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Φιλοκαλοῦμεν—these words have been assidu- ously translated, paraphrased, and burlesqued. They not only defend Athenian ἀνδρεία, but contain sound advice to his hearers not to let their love of art degenerate into bad taste and mere display, nor their culture undermine their manliness.

εὐτελείας—‘simplicity,’ avoidance of the gorgeous ornamentation that afterwards characterised Asianism.

φιλοσοφοῦμεν—‘combine culture with manliness.’ Observe the ἰσόκωλον (equal number of syllables in two clauses), 11 syllables on each side of καί: this is a variety of παρομοίωσις (Intr. p. lii.), and the παρονομασία in φιλοκαλοῦμεν, φιλοσοφοῦμεν. ἄνευ μαλακίαςDemosth. 3, 24 and 25 has a passage probably suggested by this, in which he contrasts the magnificence of the public buildings with the simplicity of the private life in former times. Pericles refers to the Spartan idea, that learning was unsuited to men of action. The idea is not confined to Sparta.

πλούτῳ—‘we employ our wealth as means for action, not as a subject for boasting.’ Cf. c. 41, 2.

τὸ πένεσθαι—put First, because emphatic. ‘To admit poverty is no disgrace.’ Cf. c. 37, 1. There were penalties for idleness at Athens.

αἴσχιον—another γνώμη in the form of an antithesis. Cf. c. 11, 5, and 2, 3 and 4 below. The comparative implies ‘even if poverty were disgraceful (as some say).’ Plat. Apol. p. 39 A μὴ ού τοῦτ᾽ ἦ̣ χαλεπόν, θάνατον ἐκφυγεῖν, ἀλλὰ πολὺ χαλεπώτερον πονηρίαν: the first member must be negative in this idiom, in which opposition is mixed with comparison. Cf. οὐδὲν ἄλλο ... ἀλλ᾽ in Plato.

Τοῖς αὐτοῖς—sc. ἡμῖν, all the citizens being meant. ‘In attending to our private business, we do not neglect the state.’ It was Pericles' object to induce all the citizens to take part in politics.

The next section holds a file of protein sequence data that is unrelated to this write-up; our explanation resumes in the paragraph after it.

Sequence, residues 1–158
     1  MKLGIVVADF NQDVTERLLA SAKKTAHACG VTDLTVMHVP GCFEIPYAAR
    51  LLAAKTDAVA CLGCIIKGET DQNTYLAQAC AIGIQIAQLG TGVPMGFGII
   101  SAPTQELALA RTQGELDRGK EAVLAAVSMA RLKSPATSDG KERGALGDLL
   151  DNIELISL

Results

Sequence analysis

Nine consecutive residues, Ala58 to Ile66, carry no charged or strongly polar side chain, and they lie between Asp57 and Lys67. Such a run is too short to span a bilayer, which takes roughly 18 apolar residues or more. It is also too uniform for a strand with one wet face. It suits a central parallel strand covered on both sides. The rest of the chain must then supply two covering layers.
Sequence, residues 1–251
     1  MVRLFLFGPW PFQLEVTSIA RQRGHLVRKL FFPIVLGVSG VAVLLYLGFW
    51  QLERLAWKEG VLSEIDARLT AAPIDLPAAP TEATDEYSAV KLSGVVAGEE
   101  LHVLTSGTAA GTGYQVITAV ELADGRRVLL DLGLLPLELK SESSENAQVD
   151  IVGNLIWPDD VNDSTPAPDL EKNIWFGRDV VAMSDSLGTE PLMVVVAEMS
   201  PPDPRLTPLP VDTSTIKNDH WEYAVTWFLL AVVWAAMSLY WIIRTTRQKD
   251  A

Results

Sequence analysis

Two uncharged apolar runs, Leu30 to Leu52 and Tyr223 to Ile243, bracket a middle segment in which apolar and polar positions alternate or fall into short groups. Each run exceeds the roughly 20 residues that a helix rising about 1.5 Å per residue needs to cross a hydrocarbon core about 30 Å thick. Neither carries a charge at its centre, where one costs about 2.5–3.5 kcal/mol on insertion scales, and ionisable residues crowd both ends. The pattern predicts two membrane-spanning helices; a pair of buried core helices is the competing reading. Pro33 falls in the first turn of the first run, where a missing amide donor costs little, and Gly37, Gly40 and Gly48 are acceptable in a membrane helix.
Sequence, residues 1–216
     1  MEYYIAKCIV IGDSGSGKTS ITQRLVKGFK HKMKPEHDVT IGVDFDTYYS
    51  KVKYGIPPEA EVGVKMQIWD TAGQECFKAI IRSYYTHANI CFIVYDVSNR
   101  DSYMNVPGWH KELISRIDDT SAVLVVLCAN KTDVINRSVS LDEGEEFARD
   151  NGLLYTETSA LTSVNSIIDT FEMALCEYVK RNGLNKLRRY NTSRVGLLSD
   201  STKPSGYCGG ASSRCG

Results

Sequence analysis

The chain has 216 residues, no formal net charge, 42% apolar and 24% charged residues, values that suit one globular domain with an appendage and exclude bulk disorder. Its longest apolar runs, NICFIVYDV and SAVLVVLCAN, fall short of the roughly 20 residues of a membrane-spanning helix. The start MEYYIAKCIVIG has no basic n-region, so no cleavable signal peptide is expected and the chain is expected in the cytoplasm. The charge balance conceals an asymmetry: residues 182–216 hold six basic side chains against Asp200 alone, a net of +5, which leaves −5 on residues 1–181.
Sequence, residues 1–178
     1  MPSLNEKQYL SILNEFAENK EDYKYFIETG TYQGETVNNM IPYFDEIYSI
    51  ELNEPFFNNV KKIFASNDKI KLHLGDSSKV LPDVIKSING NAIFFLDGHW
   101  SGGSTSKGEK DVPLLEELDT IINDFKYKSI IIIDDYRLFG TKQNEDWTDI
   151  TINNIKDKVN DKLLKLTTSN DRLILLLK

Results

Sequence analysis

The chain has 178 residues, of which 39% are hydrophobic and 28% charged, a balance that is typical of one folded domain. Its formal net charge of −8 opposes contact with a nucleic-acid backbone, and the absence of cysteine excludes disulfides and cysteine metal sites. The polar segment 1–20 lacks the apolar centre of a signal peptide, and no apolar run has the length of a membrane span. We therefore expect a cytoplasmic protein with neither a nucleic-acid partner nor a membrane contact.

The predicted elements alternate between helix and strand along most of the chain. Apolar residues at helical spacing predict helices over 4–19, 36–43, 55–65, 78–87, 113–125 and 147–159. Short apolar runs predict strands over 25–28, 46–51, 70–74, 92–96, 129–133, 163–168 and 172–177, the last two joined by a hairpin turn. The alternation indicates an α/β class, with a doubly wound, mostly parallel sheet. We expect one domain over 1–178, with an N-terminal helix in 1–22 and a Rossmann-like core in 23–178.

ἕτερα πρὸς ἔργα—i.e. trade, manufacture and agriculture.

τετραμμένοις—c. 25, 2.

ἀπράγμονα—to many, πράγματα were tiresome. Cf. c. 64, 4, and Intr. p. lxxii.

αὐτοὶ—‘we in person,’ the citizens in the ecclesia, as contrasted with the Spartan government, which was almost entirely in the hands of the Ephors and Gerusia.

ἤτοι κρίνομέν γε—in Thuc., the more certain, but less important alternative is put first when these particles are used. But this does not seem to be the case in other authors. ‘At any rate we are sound judges, if we cannot originate.’ This contains an encouragement to the citizens to exercise their right of voting in the ecclesia, since they were capable of pronouncing an opinion on any policy proposed to them: but there are cases in which the citizens conspicuously erred in their judgment. Here, as in other parts, Pericles states his ideal of the constitution.

ἐνθυμούμεθα—of the statesmen.

τοὺς λόγους—alluding to the ‘laconic’ brevity of the Spartans.

ἀλλὰ μὴ—i.e. μᾶλλον βλάβην ἡγούμενοι μὴ προδιδαχθῆναι; the compar. as in 1 above.

προδιδαχθῆναι—by the orators, to whom, in after years, the people became accustomed to look for political guidance.

πρότερον —for πρότερον ... πρίν, a very rare construction except in Herod., Thuc., and Antiphon. Cf. c. 65, 12.

ἐπὶ δεῖ ἔργῳ ἐλθεῖν—i.e. ἐργῷ ἐλθεῖν ἐπὶ δεῖ (ἔργῳ ἐλθεῖν). Cf. Plat. Phaedo, p. 114 B οἳ ἂν δόξωσι διαφερόντως πρὸς τὸ ὁσίως βιῶναι, i.e. οἳ ἂν δόξωσι διαφερόντως βιῶναι πρὸς τὸ ὁσίως (βιῶναι), where, though Stallbaum's quotations are irrevelant, his explanation is right, in spite of Archer-Hind's objection. The verb really belongs to the 1st member, and is ‘understood’ with the 2nd.

ἐπὶ ... ἐλθεῖν—cf. ἐπεξελθεῖν of actions) (διεξελθεῖν of words.

Ὥστε—explains what precedes, as though it were ὅτι τολμῶμεν. ἐπιχειρήσομεν—‘mean to undertake.’

ἐκλογίζεσθαι—sc. μάλιστα, ‘give the fullest consideration.’